N&W in 1910--Leviathans, Part 3
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Bluefield Daily Telegraph
June 5, 1910
[A side view photo of 0-8-8-0 engine No. 990 extended across the full width of Page 7 at the top with the caption, "The New Leviathans That Will Haul the Great Output of the Pocahontas Coal Fields from Mine to Market--the Mallet Engine and What it Does." The following article is the third of three related articles on that page to be presented individually.]
LOCAL MAN TELLS OF NEW ENGINE
Says it is Easy to Fire and Will Be A Success on This Division
Harry Weller, trainmaster for the Pocahontas division, said yesterday in talking about the new engine that the Baldwin engines are about ten feet longer than the American type, a photo of which is shown above. The Baldwin type has pony trucks and trailers which support the extra ten feet, and which do not show up in the picture. The engines will be known as class X and class Y, the American being X and the Baldwin Y.
The engines have an innovation in the arrangement of the reverse lever. It is worked by air and the engineer simply grips the handle which opens the valve and a push in the desired direction moves the engine either way.
From a fireman's standpoint the engine built by the Baldwins is a little more convenient as it is a shorter distance to the firebox which is reached easily from the tender. The tenders, which hold 9,000 gallons of water and 28,000 pounds of coal, are monsters but the coal is rolled to the fireman so that he can reach it without trouble.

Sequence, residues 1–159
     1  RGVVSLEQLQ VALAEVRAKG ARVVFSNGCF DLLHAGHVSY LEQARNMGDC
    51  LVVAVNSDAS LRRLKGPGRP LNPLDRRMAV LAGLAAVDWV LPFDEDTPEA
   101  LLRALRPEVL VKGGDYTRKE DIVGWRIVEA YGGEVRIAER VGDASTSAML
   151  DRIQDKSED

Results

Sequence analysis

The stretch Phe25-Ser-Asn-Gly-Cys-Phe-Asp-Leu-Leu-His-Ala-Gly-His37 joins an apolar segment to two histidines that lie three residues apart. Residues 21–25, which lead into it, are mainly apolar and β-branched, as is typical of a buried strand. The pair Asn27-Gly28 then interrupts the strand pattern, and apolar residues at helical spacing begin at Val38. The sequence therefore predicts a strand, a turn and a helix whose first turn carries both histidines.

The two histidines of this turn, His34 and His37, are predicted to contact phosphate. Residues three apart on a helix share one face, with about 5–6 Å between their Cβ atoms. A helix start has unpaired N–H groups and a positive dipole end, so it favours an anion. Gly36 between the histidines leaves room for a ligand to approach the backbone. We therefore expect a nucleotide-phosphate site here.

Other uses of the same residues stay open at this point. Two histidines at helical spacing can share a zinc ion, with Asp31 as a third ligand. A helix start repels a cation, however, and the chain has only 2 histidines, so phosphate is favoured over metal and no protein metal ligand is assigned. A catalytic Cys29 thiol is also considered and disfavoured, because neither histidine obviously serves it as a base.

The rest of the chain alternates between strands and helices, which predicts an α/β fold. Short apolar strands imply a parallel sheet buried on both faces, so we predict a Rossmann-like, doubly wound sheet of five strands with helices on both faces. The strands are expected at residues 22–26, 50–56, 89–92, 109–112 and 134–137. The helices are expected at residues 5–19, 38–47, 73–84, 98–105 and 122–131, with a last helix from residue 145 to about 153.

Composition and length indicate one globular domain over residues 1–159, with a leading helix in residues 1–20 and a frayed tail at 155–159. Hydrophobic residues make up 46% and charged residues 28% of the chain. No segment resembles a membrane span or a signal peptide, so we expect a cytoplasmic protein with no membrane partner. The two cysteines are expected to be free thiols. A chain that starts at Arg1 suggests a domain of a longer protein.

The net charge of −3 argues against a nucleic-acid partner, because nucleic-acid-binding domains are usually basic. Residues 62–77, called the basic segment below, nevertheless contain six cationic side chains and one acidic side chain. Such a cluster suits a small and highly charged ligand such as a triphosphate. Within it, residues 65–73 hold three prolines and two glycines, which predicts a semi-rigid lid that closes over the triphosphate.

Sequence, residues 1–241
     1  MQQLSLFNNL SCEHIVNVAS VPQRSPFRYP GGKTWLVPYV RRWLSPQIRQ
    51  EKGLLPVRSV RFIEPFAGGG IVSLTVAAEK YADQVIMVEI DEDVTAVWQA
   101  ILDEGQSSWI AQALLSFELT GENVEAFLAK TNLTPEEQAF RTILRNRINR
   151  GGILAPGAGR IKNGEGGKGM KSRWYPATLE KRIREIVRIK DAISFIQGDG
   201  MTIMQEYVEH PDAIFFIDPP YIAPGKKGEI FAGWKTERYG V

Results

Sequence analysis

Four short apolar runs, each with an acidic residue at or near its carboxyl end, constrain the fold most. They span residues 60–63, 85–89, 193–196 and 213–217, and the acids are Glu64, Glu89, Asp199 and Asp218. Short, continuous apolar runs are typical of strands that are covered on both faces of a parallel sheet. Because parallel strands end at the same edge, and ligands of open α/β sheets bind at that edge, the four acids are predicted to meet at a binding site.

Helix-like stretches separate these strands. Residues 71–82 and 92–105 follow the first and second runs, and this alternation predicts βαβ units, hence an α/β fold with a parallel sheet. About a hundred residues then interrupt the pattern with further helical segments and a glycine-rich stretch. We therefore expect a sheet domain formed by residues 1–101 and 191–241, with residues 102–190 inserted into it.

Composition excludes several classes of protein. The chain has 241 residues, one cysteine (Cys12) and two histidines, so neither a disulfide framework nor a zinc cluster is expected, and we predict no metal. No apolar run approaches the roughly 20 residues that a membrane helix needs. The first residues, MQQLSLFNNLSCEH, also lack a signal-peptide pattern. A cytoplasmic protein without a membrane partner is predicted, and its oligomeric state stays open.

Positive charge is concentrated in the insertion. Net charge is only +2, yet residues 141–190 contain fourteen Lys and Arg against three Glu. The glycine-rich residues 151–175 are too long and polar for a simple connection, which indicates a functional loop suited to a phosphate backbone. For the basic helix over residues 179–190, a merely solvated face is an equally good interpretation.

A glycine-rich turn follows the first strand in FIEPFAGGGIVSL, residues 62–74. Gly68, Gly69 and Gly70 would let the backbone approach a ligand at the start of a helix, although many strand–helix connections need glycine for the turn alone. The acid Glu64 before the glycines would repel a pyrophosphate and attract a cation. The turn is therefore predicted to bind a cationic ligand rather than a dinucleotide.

The several tests to which the engines have been put on this division, said Mr. Weller, prove that they will be satisfactory and will easily do the work of two class M engines with about two thirds the amount of coal. They can be run safely at Twenty-five miles an hour and an even greater speed can be attained. The engines are easy riding and Mr. Weller claims that they are the most comfortable engine that he has ever ridden on through the Elkhorn tunnel. The men in the cab are not troubled with smoke, gases and heat, as the steam goes into the low pressure cylinder from the high pressure cylinder with the result that it loses a good deal of its heat. Much of the cinders is burned up in the engine, and the smokestack is so far from the cab that the men on the engine experience little difficulty in passing through the tunnel, which can be gone through in a very few minutes.
Contrary to what was expected the engines, in spite of their heavy drawing power, are not hard on equipment. They start easy and should one or the other engine slip there is absolutely no surging of the train.
Mr. Weller believes the engines are the coming engine for the hauling of freight.
[Both the Class X1 and Y1 were hand fired. Even accepting that one of these Mallets would burn only two-thirds the coal of two Class M engines, that means that the fireman on a Mallet would have to shovel one-third more coal than he would on one of the two Class M engines. Somewhere I have seen that some railroads had to assign two fireman to the early hand-fired Mallets. Was this done on the N&W?]
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